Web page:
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Acinetobacter Outbreaks, 1977–2000

  • Maria Virginia Villegas (a1) and Alan I. Hartstein (a2)


This review of Acinetobacter outbreaks summarizes factors related to the presence and recognition of organism transmission and describes the implementation of control and prevention measures directed at limiting spread. Exogenous transmission of Acinetobacter should be considered when infections are endemic and when case rates increase. Increasing or new antimicrobial resistances in a collection of isolates also suggest transmission, and transmission can be definitively confirmed when isolates are found to be indistinguishable from or related to one another by a discriminatory genotyping test. An investigation for a common source should be conducted. When a common source cannot be found and eliminated, or once an endemically transmitted organism is established, containment or prevention efforts may require aggressive interventions, complex interventions, or both. Colonization at multiple sites, the relative ease of induction of antibiotic resistance in the organism following patient exposure to multiple drugs, and long-term environmental survival provide enhanced opportunities for the transmission of Acinetobacter between and among patients. New approaches and interventional trials are needed to define effective measures for the prevention and control of Acinetobacter infections.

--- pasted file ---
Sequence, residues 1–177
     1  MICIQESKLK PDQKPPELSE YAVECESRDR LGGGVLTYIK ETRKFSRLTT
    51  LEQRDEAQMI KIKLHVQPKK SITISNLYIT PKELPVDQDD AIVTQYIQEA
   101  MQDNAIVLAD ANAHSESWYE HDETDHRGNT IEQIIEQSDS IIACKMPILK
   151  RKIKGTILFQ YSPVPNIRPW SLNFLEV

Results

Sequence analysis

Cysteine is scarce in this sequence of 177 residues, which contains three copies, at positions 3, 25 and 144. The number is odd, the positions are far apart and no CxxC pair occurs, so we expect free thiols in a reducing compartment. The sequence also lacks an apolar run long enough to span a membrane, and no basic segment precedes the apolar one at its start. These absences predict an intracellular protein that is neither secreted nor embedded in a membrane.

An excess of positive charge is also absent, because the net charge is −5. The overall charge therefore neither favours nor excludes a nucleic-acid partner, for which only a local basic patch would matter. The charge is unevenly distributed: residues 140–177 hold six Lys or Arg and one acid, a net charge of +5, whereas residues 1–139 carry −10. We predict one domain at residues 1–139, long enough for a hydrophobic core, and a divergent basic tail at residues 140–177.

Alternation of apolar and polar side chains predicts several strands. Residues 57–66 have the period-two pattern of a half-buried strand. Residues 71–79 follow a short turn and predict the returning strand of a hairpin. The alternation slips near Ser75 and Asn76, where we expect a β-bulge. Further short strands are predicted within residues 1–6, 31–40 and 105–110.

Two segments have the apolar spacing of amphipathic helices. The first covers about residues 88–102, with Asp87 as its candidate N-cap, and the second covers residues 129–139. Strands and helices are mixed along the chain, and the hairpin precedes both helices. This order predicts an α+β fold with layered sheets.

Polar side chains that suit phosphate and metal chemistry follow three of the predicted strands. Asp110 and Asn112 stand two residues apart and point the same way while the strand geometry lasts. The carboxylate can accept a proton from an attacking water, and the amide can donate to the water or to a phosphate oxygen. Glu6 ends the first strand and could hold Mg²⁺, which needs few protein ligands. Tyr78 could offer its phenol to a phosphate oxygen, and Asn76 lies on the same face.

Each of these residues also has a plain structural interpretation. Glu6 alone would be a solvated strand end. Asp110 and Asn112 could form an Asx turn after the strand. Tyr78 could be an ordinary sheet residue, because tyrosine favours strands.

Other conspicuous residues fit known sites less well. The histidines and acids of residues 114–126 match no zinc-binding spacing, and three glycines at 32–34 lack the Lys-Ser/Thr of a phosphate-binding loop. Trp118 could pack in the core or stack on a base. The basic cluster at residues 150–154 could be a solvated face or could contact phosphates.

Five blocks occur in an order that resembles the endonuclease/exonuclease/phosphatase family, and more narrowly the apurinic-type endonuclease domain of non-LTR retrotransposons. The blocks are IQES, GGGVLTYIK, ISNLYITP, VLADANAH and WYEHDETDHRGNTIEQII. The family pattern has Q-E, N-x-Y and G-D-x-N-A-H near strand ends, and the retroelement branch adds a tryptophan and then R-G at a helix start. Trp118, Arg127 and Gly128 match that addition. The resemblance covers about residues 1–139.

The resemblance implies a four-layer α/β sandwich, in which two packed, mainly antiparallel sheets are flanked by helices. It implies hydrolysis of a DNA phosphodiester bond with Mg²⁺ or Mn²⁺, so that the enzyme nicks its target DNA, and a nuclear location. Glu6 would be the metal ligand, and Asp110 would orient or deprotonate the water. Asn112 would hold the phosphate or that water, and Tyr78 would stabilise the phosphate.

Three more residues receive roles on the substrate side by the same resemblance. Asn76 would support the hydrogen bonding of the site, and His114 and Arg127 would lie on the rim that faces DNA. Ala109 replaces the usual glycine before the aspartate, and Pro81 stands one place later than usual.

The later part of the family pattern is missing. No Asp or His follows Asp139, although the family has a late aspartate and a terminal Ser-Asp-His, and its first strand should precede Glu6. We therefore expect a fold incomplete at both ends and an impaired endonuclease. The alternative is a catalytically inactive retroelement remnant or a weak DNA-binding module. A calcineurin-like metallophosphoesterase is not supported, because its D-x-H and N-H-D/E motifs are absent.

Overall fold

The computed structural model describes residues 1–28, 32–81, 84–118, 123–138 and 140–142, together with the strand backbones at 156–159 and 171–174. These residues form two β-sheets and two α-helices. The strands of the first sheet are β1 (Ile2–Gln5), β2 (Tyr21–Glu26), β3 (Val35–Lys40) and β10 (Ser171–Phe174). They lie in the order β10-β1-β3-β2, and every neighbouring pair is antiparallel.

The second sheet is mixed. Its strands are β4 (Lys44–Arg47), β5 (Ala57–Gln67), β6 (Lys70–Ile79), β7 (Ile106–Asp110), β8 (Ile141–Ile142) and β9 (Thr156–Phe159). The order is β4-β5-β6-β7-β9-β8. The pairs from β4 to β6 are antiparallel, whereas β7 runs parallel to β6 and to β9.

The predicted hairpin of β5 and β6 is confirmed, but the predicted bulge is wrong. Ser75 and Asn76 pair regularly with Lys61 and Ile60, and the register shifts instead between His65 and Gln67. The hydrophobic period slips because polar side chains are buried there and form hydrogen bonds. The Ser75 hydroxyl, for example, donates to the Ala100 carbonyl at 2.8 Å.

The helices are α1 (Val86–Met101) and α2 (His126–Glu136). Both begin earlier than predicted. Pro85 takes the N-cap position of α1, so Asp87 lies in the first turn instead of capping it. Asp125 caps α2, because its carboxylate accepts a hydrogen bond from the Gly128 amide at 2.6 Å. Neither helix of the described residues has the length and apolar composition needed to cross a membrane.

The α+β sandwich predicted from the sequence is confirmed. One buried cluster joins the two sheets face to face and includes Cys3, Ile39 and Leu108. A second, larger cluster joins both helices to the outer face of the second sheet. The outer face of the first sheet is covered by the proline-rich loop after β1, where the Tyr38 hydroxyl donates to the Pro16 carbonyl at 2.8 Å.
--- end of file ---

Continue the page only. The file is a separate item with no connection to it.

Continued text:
Corresponding author

University of Miami School of Medicine, 1400 N. W. 10th Avenue, Dominion Tower, 8th Floor, #812A, Miami, FL 33136


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